Why States Should Scrap Their Online E-cigarette Bans During Coronavirus Pandemic
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Why States Should Scrap Their Online E-cigarette Bans During Coronavirus Pandemic

Eliminating online sales bans would help keep vape shops in business and prevent unnecessary trips outside of the home, assisting with social distancing.

Millions of U.S. citizens are held up in their homes, trying their utmost to prevent the spread of the novel coronavirus.

The impact of COVID-19 is visible in every city and small town: empty bars, restaurants, and shopping malls. Aside from the occasional walk or trip to the grocery store, most who are fortunate enough to be able to work from home are doing so. Delivery drivers, truckers, and garbage workers find themselves in a position of critical importance in combating the most significant public health crisis in living memory.

At this point, we have no idea how long people will be asked to observe social distancing or what other measures may be necessary to save lives and prevent the country’s health care infrastructure from being overwhelmed. Federal and state authorities are scrapping rules and regulations that impede social distancing or limit the health care sector’s ability to respond to the crisis effectively.

Doctors may now practice across state lines. Texas ditched state laws that prohibit trucks from the alcohol industry from delivering supplies to grocery stores. The Transportation Security Administration is allowing hand sanitizer containers up to 12 ounces. New York is allowing restaurants and bars to sell alcohol to-go, and Alabama is allowing booze sales curbside at licensed businesses. In the same vein, Republican Maryland Gov. Larry Hogan signed an executive order allowing bars and restaurants to offer drinks for carryout or delivery.

Authorities realize just how much they are asking of people when they advise social distancing for weeks or possibly months. Relaxing rules on alcohol sales is a pragmatic move, recognizing that for many, a drink at the end of the day can serve as a small respite from a world in chaos. If people can’t have their alcohol delivered, they will make more unnecessary trips to the store, raising the risk of coming into contact with the virus.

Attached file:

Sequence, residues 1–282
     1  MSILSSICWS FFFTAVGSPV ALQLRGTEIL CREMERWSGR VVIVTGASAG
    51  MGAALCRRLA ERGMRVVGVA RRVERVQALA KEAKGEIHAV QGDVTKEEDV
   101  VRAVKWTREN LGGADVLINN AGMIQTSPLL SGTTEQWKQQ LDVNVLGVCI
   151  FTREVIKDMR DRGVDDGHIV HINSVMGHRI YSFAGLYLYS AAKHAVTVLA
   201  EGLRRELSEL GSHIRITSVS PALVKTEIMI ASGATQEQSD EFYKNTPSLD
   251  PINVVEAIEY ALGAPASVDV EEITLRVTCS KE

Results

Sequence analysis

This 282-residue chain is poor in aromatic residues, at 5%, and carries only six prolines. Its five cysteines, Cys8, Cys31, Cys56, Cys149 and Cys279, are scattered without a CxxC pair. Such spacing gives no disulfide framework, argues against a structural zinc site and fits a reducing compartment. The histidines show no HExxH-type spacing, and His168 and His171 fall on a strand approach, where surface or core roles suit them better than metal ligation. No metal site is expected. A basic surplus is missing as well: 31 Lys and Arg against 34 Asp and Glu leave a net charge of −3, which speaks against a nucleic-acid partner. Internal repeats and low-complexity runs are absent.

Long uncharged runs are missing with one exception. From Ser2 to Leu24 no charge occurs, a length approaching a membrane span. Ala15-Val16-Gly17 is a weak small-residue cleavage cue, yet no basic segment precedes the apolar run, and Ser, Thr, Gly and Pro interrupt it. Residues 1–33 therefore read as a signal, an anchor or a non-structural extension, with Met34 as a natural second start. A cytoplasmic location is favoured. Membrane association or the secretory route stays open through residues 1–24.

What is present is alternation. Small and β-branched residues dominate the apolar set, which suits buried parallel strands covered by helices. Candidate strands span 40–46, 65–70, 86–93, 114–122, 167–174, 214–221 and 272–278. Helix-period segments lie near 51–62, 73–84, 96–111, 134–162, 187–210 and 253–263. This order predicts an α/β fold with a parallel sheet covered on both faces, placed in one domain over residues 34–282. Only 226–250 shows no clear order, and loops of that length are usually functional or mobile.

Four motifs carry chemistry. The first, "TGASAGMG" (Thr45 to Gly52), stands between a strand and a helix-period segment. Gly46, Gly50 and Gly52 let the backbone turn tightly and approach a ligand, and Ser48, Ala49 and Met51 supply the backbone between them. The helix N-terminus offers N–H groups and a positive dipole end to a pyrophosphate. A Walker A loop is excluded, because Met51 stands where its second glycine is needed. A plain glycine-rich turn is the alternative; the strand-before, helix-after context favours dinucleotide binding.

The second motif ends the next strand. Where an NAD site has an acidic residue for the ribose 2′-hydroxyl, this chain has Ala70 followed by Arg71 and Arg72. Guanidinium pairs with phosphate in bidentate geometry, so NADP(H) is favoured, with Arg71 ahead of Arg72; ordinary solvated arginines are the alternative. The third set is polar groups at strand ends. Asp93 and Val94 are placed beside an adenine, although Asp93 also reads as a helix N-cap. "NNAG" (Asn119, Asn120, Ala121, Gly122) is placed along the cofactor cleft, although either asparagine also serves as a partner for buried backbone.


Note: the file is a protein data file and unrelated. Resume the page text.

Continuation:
Such pragmatism must be extended to e-cigarettes. States such as Utah and Vermont ban online e-cigarette sales. The logic of the bans was shaky at best, with supporters claiming the bans would limit youth vaping. It’s a strange claim, as the market leader, Juul, has some of the strictest age-verification processes around. It also discriminates against those who may not have easy access to a vape shop but do have easy access to cigarettes.

But amid the outbreak of a highly contagious respiratory disease, online bans are even more counterproductive. Although the evidence is not clear on whether smoking raises the risk of the coronavirus, it’s a good idea for smokers who can’t quit or vapers who may relapse to have access to a dramatically safer product.

Italy, which so far has been hardest hit by the pandemic, reopened its vape shops, making them one of the few essential businesses allowed to continue operations, with France quickly following suit.

As to whether vaping nicotine can increase your risk of harm from the coronavirus, the scientist who persuaded the Italian government to reopen vape shops said in an interview with the harm-reduction publication Filter“There is no evidence for that. That is just a game that is trying to create a new hysteria.”

Scrapping online sales bans would help keep vape shops in business and prevent unnecessary trips outside of the home, assisting with social distancing and preventing former smokers who use e-cigarettes from relapsing back to smoking. The kinds of e-liquids and devices found in vape shops are not available at your local 7-11 or grocery store. Vapers who want to stay away from cigarettes will have to shell out for new devices or go back to smoking.

As people become more isolated from the outside world, daily life changes, and so too can people’s perspective. Most adult smokers say they want to quit smoking, but very few are successful in doing so. E-cigarettes have helped millions of people who may never have otherwise given up smoking quit their habit once and for all. Being primarily confined to the home, especially with children, may give smokers fresh impetus to try something different, to switch away from harmful combustible tobacco to vaping.

As the actions of governors around the country have shown, measures large and small may be needed to help protect public health. If you can limit the spread of the coronavirus and get people to quit smoking cigarettes at the same time, that’s a public health measure everyone should get on board with.

A version of this column previously appeared in the Washington Examiner. 

Guy Bentley is the director of consumer freedom research at Reason Foundation. Bentley's research focuses on the taxation and regulation of nicotine, tobacco, alcohol, and food.